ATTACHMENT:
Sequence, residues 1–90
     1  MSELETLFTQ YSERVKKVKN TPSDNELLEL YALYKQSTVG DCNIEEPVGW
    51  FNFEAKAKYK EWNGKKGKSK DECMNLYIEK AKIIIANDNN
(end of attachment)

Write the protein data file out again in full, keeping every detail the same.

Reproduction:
Sequence, residues 1–90
     1  MSELETLFTQ YSERVKKVKN TPSDNELLEL YALYKQSTVG DCNIEEPVGW
    51  FNFEAKAKYK EWNGKKGKSK DECMNLYIEK AKIIIANDNN